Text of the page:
Post and Beam Observation Tower

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Forum topic by rainman posted 11-02-2010 10:35 PM 2853 views 0 times favorited 4 replies Add to Favorites Watch
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54 posts in 3189 days

11-02-2010 10:35 PM

Topic tags/keywords: question

This is one of my bucket list projects . Something like a fire tower, just not as high. It’s one of those crazy leftover Ideas from my youth. Carefree days in a treehouse. I have two Ideas that I’ve kicked around. The first is the tower about thirty feet high with internal stairway to a hatch on a platform approx. 10 ft square and a substantial railing surrounding it. The second Idea is to take my workshop which is only 10×14, very sturdy post and beam and set it atop shorter tower of maybe 20ft high! I might build the stairs on the outside of this ,rising to a small deck at the front door. I’ve done post and beam before but haven’t designed a tapered structure of this size. I’m NOT looking for someone to design this for me. I just thought i’d throw out a couple of crazy Ideas and see what kind of feedback I would get. So if you have any Ideas,advice,experience or tower design info I would appreciate your input. Thanks , Rainman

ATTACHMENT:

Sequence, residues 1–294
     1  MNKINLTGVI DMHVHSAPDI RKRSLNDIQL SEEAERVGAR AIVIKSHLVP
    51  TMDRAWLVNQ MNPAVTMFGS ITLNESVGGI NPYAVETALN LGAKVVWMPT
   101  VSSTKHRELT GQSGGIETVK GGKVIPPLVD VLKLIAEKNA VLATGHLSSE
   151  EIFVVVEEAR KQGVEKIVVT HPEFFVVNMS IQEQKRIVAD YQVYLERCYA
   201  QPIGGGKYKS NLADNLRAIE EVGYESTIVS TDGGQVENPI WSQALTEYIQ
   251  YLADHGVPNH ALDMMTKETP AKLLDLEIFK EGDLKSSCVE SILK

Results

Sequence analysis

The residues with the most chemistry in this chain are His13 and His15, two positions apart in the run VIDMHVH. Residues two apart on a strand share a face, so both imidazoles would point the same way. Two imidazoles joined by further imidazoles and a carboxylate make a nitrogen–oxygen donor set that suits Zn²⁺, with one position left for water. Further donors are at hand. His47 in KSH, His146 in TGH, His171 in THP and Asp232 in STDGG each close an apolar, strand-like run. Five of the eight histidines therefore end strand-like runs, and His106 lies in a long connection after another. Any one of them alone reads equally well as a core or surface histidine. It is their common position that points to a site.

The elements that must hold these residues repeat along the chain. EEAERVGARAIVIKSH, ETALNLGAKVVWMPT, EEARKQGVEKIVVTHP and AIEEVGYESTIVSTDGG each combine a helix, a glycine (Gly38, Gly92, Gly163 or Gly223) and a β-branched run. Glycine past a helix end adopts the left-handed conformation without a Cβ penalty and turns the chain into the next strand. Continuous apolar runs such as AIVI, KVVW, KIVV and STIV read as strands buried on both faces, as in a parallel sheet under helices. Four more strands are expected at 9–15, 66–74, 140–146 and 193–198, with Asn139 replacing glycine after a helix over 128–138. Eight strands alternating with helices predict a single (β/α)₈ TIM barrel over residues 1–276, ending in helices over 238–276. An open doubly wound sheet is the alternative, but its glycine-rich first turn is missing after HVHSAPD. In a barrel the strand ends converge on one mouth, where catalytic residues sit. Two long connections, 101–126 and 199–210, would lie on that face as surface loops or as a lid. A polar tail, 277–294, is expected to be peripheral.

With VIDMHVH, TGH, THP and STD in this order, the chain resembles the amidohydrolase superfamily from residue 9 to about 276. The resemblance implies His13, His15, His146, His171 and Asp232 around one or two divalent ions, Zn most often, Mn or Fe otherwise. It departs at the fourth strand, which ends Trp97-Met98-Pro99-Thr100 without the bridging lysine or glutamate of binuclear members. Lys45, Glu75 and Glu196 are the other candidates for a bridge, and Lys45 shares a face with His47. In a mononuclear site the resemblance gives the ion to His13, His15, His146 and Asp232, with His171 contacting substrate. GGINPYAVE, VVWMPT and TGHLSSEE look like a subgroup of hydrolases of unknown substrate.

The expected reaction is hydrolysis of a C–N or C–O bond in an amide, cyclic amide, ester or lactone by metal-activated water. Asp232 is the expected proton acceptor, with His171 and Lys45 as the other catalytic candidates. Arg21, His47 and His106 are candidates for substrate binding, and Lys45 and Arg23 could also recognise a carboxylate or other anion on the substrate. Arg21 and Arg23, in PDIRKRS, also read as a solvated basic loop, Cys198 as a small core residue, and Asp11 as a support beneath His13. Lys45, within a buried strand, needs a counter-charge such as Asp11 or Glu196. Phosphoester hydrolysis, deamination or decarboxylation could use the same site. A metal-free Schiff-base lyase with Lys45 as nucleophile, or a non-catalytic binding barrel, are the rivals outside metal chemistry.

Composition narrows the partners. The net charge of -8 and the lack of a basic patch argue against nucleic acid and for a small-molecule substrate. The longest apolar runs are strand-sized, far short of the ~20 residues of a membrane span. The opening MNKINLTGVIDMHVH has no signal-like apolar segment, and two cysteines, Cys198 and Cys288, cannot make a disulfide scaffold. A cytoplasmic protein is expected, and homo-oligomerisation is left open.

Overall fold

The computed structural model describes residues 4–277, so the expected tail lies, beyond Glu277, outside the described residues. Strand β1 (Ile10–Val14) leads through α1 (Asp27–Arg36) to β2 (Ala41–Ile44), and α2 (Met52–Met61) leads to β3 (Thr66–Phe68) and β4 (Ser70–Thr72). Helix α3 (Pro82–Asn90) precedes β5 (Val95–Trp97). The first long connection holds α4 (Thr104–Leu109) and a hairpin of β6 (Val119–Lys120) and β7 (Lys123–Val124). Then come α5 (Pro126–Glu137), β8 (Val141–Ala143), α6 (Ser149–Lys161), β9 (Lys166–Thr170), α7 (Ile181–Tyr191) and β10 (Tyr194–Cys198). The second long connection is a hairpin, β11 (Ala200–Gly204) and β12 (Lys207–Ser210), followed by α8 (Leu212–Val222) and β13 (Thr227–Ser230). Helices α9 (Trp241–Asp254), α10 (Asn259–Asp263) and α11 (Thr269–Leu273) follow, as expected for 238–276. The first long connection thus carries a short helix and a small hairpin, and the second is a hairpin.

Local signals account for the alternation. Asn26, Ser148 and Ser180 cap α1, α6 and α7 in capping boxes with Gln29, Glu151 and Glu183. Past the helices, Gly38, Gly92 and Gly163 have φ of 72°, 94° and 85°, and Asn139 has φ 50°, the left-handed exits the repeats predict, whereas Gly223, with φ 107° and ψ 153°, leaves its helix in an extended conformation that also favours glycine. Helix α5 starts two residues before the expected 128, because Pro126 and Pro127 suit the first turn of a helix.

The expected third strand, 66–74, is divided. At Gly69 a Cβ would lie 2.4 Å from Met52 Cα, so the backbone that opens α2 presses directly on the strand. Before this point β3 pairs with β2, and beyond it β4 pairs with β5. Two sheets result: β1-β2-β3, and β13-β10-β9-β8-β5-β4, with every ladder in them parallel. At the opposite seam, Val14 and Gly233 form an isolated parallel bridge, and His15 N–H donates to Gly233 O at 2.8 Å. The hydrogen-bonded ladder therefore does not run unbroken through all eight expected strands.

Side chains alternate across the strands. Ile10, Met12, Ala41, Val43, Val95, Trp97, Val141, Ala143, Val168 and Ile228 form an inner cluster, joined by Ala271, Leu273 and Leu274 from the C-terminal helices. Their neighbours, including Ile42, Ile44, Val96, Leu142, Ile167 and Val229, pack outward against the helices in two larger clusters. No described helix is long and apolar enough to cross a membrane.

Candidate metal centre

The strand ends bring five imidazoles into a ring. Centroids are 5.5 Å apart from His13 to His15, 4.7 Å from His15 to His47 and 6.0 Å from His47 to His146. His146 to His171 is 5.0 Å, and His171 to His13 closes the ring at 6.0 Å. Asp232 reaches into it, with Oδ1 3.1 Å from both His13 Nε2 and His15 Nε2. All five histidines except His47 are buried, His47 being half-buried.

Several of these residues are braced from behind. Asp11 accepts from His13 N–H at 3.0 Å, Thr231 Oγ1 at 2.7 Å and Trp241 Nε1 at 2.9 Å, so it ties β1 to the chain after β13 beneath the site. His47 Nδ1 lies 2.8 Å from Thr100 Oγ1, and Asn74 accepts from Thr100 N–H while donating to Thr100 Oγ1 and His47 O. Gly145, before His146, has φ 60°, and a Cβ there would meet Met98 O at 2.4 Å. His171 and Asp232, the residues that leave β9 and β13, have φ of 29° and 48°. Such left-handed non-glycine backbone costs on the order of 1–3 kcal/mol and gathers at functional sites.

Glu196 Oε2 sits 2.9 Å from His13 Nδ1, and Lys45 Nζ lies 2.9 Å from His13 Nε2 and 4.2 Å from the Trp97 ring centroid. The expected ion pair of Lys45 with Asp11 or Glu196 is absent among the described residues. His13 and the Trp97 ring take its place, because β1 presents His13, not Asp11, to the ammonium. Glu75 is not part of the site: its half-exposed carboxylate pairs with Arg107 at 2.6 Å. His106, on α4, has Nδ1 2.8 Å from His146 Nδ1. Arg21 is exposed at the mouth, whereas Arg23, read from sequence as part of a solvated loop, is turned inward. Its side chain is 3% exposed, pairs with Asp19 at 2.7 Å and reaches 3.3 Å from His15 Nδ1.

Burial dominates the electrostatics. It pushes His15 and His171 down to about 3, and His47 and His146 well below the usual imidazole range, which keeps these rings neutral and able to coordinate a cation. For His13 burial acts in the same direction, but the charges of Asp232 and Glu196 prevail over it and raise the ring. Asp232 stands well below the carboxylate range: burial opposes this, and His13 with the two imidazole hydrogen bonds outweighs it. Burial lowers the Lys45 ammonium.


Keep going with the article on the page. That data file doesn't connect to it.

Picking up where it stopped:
-- So much wood, So little time

4 replies so far

View swirt's profile


2782 posts in 2998 days

#1 posted 11-02-2010 10:43 PM

No ideas, but it does sound like fun. :)

-- Galootish log blog,

View cabmaker's profile


1735 posts in 2835 days

#2 posted 11-02-2010 10:47 PM

I say go for it.

View CaptainSkully's profile


1600 posts in 3584 days

#3 posted 11-03-2010 05:08 PM

My buddy Eric wants to build an office/treehouse that has a rope suspension bridge from the 2nd story of the house.

-- You can't control the wind, but you can trim your sails

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Ken Reed

152 posts in 3210 days

#4 posted 11-06-2010 04:17 PM

This sounds like a very similar design to the old water towers you see on old farms, at least the ones out here in CA. They had a tank mounted on the second story, stairs either inside or out, and sometimes a tiny living space below, more often storage or a small work area. This allowed wind mills, which didn’t pump much water, nor did they not work on still days, to slowly fill the tank, which provided storage as well as water pressure. Google images for “Wooden water tower” and you’ll see lots of examples.

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